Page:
One day, when Tarquin the Proud was at the height of his power, a woman came to the city and demanded to see the king. She was a stranger, and carried in her arms nine books.
When she was brought before the king she asked him to buy the books, telling him that they were the sacred prophecies of the inspired Sibyl of Cumæ. Cumæ was in the Campania, and was the most ancient of the Greek towns in Italy. The prophecies were written on loose leaves, and in them, said the strange woman, the king would read the destiny of Rome, and how to fulfil it.
She carried in her arms nine books.
But the stranger asked so large a sum of money for the nine books that the king laughed and refused to buy.
Quietly, before the king's eyes the woman burned three of the nine books. Then, turning to him again, she offered the six books for the same price as she had before demanded for the nine.
Tarquin laughed still more scornfully, and refused to buy the six as he had already refused to buy the nine books.
Quietly as before the woman burned three more books before the eyes of the king. Then turning to him she offered the three books that were left for the same sum.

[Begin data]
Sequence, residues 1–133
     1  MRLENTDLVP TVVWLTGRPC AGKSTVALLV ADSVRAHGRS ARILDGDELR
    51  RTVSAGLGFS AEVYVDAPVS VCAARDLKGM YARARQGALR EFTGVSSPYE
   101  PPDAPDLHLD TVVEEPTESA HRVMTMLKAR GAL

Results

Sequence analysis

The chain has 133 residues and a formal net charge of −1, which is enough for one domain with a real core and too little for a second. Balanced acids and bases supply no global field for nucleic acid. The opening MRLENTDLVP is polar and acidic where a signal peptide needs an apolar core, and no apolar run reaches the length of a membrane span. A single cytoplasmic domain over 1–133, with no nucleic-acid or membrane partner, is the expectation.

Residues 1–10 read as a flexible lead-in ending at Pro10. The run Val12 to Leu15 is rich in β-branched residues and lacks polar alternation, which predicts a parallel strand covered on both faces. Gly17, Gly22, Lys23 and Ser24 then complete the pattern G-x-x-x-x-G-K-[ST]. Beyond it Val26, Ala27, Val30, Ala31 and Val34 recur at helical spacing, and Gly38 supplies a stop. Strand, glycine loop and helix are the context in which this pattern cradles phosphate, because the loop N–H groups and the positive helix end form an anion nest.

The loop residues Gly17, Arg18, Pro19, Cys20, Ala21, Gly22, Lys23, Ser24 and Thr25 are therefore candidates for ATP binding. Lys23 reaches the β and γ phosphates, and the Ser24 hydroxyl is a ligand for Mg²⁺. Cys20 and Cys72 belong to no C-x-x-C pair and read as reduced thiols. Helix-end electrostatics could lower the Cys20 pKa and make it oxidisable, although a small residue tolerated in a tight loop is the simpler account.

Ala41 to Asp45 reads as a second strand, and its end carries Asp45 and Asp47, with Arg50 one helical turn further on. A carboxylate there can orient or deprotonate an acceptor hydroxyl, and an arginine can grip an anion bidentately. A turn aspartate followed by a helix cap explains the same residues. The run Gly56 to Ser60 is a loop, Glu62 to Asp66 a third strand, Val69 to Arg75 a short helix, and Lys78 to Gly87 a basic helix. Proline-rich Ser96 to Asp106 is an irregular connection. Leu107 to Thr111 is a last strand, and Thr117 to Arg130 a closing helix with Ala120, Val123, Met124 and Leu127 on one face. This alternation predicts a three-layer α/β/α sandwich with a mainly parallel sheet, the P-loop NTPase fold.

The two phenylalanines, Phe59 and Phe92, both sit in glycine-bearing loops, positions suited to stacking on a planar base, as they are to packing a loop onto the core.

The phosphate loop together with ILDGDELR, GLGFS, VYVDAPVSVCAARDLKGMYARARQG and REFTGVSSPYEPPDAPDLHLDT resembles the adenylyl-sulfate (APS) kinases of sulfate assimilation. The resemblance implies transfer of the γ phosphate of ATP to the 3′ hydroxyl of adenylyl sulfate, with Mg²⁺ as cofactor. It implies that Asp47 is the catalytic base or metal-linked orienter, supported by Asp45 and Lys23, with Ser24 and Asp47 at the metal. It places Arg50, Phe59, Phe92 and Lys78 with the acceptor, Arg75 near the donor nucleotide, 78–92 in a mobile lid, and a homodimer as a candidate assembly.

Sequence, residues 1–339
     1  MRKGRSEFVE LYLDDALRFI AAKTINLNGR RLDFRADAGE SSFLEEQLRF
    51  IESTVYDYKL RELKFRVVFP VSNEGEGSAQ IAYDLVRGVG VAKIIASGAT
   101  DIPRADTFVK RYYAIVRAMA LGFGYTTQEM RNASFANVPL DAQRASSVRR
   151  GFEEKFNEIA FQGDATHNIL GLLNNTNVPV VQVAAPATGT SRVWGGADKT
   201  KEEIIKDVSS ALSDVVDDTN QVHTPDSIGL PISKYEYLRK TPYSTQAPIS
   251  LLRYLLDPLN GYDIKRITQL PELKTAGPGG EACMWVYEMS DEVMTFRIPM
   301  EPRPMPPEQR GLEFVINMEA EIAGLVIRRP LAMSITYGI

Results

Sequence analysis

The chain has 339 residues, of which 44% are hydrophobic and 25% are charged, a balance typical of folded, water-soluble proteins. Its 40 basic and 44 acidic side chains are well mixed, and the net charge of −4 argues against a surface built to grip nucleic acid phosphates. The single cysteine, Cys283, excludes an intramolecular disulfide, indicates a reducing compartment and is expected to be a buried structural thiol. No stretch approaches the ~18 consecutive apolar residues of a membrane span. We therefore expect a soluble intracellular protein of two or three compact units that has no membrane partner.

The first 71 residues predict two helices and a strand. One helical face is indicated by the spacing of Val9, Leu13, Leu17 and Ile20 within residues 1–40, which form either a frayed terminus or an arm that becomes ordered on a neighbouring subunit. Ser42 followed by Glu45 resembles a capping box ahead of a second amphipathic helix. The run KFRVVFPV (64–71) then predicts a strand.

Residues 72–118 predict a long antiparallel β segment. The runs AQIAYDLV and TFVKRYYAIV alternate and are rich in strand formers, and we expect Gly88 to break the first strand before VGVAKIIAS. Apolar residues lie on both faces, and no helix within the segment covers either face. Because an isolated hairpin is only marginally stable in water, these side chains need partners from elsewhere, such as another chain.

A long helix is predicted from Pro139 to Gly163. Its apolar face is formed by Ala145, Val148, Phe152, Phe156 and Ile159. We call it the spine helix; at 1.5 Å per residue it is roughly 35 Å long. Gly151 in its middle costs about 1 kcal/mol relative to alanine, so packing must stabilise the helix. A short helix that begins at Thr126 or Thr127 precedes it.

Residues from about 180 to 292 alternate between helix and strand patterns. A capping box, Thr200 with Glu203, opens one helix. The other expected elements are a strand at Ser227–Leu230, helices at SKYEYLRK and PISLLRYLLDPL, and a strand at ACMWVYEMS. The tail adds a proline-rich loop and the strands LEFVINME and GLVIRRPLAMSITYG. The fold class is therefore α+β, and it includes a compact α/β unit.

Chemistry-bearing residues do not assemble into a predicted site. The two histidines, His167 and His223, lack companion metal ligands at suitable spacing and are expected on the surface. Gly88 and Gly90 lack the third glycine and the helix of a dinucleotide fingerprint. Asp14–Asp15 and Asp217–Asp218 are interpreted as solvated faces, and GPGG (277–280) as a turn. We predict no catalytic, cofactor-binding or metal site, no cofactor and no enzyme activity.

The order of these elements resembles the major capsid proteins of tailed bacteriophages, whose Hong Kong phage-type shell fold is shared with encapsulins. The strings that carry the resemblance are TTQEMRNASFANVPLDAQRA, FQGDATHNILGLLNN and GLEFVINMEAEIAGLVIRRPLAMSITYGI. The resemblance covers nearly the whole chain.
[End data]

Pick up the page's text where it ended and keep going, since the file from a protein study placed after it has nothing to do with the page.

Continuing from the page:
Then the king laughed no more. He began to wonder if perhaps the gods had sent the books to Rome. So he consulted the augurs, and by their advice he now bought the three books for the sum which would have bought the nine.
The strange woman, having done her work, disappeared and was seen no more, while the books were put in a chest and kept in the Capitol, which was now complete.
Two Greeks were appointed to guard the Sibylline books, for they were written in the Greek language. And ever when death, pestilence, or war threatened the city, the books were consulted by the augurs, if perchance Rome might be saved from destruction.
Many years after the reign of Tarquin the Capitol was burned, and the sacred books were destroyed in the fire.
To the Romans the loss of the books was a greater blow than even the destruction of the Capitol.
The Senate sent ambassadors to Greece and to Asia Minor to beseech the sibyls there to find fresh oracles, that calamity might still be averted from Rome.
And the ambassadors were successful, for when they returned they brought with them new scrolls, which, when a new Capitol was built, were placed within its sacred precincts.
During the reign of Augustus, the oracles were removed to the temple of Apollo, which stood on Mount Palatine.
But long after the time of Augustus, in a.d. 400, they were burned in public by a famous Roman, for he was a Christian, and cared little for the ancient oracles, believing them to be but a useless relic of the old pagan days.